US sets out new powers to block Chinese technology


The US commerce department has finalised new rules to make it easier for the federal government to block Americans from importing technology from China and other US adversaries that it decides could threaten national security.

The new rule, covering software such as that used in critical infrastructure and hardware including drones and surveillance cameras, gives new powers to the commerce secretary to issue licences or block imports.

Although it also applies to technology imports from Iran, Russia, North Korea, Cuba and the Venezuelan regime of Nicolás Maduro, the main impact is aimed at China — the latest in a string of actions in the final days of the Trump administration designed to raise pressure on Beijing.

The rule will come into effect in 60 days and implements an order that Mr Trump signed in 2019 to protect US supply chains related to communications technology and services.

“President Trump has been committed to protecting the national security of all Americans, and the implementation of this rule is a pivotal moment in this administration’s efforts to put America First and hold bad actors accountable,” said Wilbur Ross, US commerce secretary.

The move came on the same day the commerce department placed the Chinese National Overseas Oil Corporation on the “entity list” — a blacklist that will make it difficult for US companies to export equipment or technology to the company. Mr Ross said Cnooc acted as “a bully” for the Chinese military to facilitate the intimidation of China’s neighbours.

Referring to the new technology import rule, a commerce department official pointed to recent examples of hacking that illustrated the risks to US supply chains.

The US justice department last year indicted two Chinese individuals working with the Ministry of State Security — the Chinese intelligence service — for allegedly running a global hacking campaign to target US intellectual property. The official said the US wanted to highlight to companies that they needed to do more due diligence with respect to technology imports.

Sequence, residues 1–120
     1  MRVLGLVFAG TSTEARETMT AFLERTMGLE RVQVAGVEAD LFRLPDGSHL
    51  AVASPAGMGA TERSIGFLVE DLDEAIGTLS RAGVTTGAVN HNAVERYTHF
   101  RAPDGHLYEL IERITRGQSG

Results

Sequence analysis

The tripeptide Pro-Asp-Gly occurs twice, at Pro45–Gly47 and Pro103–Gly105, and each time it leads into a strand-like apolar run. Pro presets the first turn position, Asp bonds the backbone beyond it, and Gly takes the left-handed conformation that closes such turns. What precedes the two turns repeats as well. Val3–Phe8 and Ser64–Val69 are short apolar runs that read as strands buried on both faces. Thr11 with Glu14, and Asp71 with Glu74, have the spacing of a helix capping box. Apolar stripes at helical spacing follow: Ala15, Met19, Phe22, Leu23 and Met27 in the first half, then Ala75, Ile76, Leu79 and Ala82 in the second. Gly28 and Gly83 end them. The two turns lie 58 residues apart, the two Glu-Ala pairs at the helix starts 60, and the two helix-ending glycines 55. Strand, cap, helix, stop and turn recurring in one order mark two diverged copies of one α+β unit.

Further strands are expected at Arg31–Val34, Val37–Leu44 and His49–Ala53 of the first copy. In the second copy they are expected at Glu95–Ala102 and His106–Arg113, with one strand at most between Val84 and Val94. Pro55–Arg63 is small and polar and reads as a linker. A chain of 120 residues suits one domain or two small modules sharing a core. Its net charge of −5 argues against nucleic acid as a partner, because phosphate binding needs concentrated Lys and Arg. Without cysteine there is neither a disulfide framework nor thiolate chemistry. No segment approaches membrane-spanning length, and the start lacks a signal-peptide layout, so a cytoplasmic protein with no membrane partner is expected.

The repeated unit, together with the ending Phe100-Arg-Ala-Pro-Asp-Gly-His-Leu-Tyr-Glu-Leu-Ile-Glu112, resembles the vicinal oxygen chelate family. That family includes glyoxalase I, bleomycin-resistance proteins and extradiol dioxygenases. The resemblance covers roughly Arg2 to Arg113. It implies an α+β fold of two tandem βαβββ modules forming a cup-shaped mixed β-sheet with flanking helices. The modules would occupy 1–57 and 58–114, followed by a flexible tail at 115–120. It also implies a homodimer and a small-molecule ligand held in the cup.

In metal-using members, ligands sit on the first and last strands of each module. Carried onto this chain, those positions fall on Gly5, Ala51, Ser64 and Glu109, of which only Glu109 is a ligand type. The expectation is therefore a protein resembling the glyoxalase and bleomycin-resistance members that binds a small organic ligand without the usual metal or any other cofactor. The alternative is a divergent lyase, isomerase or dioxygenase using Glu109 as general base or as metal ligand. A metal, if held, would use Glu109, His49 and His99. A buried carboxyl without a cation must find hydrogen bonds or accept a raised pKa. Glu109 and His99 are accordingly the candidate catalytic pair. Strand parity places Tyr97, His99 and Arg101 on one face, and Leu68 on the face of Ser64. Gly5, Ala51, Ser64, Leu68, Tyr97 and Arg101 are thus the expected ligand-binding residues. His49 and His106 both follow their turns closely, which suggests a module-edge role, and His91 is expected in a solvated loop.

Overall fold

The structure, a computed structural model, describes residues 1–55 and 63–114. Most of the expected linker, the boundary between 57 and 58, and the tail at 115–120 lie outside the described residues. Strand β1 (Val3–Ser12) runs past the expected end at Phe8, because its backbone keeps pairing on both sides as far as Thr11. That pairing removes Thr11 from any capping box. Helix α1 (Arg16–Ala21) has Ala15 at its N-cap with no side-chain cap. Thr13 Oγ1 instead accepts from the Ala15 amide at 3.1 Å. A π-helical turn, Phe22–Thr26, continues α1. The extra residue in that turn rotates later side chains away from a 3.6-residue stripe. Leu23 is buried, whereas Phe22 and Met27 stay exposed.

The rule applies to six categories of technology — software and hardware — ranging from products used in critical infrastructure and telecoms networks to artificial intelligence and quantum computing.

It could also apply to apps that collect user data or, for example, drones and network surveillance cameras that use cloud services to store data.

Under the rule, US government agencies can refer concerns to the commerce department, which could then approve the imports, block them or require changes to mitigate any risk. The rule also provides a mechanism to apply for a licence before importing technology to avoid the risk of having it rejected later on.

The focus on China comes at the end of an administration that has taken many aggressive measures to clamp down on what it says are threats posed by Chinese-owned technology. These have included banning the use of technology from Huawei, and an attempt to bar Americans from using TikTok, the popular short-video app — although the latter effort has been stymied by the courts.

The Pentagon is also preparing to add more Chinese companies to a list of firms with suspected ties to the Chinese military. Under an order issued by Mr Trump in November, Americans are barred from investing in the securities of those designated Chinese companies and many of their subsidiaries.

Two people familiar with the situation said the Pentagon would add nine Chinese firms to that list, potentially as early as Thursday.

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